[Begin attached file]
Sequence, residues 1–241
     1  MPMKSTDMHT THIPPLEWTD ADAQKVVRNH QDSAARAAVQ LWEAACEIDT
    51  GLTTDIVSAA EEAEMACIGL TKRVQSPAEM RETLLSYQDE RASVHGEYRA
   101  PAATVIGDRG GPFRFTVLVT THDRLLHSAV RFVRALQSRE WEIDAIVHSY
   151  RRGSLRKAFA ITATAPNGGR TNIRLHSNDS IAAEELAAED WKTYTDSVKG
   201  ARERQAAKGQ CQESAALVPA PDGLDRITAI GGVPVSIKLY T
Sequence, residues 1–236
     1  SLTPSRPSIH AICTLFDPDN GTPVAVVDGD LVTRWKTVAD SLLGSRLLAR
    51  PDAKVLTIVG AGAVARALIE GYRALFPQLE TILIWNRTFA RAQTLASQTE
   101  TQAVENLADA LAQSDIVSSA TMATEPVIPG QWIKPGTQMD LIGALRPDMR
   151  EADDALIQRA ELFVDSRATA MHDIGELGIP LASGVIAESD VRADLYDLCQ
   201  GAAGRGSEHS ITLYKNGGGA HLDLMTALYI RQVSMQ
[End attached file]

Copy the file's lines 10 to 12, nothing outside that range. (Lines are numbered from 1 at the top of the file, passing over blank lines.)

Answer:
   101  TQAVENLADA LAQSDIVSSA TMATEPVIPG QWIKPGTQMD LIGALRPDMR
   151  EADDALIQRA ELFVDSRATA MHDIGELGIP LASGVIAESD VRADLYDLCQ
   201  GAAGRGSEHS ITLYKNGGGA HLDLMTALYI RQVSMQ